Tag: phenomenology

Looking for references: phenomenology of probability

A number of lines of inquiry have all been pointing in the same direction for me. I now have a question and I’m on the lookout for scholarly references on it. I haven’t been able to find anything useful through my ordinary means.

I’m looking for a phenomenology of probability.

Hopefully the following paragraphs will make it clearer what I mean.

By phenomenology, I mean a systematic account (-ology) of lived experience (phenomen-). I’m looking for references especially in the “cone” of influences on Merleau-Ponty, and the “cone” of those influenced by Merleau-Ponty.

By probability, I mean the whole gestalt of uncertainty, expectation, and realization that is normally covered by the mathematical subject. The simplest example is the experience of tossing a coin. But there are countless others; this is a ubiquitous mode of phenomenon.

There is at least some indication that this phenomenon is difficult to provide a systematic account for. Probabilistic reasoning is not a very common skill. Perhaps the best account of this that I can think of is in Philip Tetlock’s Superforecasting, in which he reports that a large proportion of people are able to intuit only two kinds of uncertainty (“probably will happen” or “probably won’t happen”), another portion can reason in three (“probably will”, “probably won’t”, and “I don’t know”). For some people, asking for graded expectations (“I think there’s a 30% chance it will happen”) is more or less meaningless.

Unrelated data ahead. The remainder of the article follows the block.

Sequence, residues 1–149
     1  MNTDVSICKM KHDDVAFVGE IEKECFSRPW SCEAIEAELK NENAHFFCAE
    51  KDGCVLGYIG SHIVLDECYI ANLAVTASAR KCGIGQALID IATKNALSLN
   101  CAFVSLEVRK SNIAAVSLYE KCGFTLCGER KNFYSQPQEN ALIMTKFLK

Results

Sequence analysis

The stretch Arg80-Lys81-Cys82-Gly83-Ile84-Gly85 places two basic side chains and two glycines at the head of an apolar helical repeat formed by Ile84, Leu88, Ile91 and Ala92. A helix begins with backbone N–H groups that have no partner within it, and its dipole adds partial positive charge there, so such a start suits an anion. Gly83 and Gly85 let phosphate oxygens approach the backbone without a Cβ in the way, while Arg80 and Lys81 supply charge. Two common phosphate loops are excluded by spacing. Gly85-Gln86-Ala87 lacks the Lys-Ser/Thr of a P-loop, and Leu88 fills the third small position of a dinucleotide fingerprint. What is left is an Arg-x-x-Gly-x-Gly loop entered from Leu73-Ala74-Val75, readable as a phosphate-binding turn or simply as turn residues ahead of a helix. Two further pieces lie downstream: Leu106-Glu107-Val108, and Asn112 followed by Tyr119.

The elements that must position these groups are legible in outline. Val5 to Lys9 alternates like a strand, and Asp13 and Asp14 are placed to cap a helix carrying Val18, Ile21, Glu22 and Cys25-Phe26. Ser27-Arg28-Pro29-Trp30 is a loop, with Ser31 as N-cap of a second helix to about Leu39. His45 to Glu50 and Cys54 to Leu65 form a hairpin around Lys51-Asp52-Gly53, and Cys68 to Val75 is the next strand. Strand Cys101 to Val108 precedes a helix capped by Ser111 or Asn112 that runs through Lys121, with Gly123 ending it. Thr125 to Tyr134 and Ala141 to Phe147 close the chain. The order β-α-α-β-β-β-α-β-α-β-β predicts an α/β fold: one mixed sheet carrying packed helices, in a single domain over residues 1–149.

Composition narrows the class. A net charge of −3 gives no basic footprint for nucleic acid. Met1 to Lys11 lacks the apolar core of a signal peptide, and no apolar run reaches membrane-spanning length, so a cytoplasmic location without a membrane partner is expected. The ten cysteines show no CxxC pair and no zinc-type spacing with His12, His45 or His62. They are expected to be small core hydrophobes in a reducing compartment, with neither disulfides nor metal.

Nevertheless, all the major quantitative institutions–finance, telecom, digital services, insurance, the hard sciences, etc.–thrive on probabilistic calculations. Perhaps there’s a concentration here.

The other consideration leading towards the question of phenomenology of probability is the question of the interpretation of mathematical probability theory. As is well known, the same mathematics can be interpreted in multiple ways. There is an ‘objective’, frequentist interpretation, according to which probability is the frequency of events in the world. But with the rise of machine learning ‘subjectivist’ or Bayesian interpretations became much more popular. Bayesian probability is a calculus of rational subjective expectations, and transformation of those expectations, according to new evidence.

So far in my studies and research, I’ve never encountered a synthesis of Merleau-Pontean phenomenology with the subjectivist intepretation of probability. This is somewhat troubling.

Is there a treatment of this anywhere?

Appearance, deed, and thing: meta-theory of the politics of technology

Flammarion engraving

Much is written today about the political and social consequences of technology. This writing often maintains that this inquiry into politics and society is distinct from the scientific understanding that informs the technology itself. This essay argues that this distinction is an error. Truly, there is only one science of technology and its politics.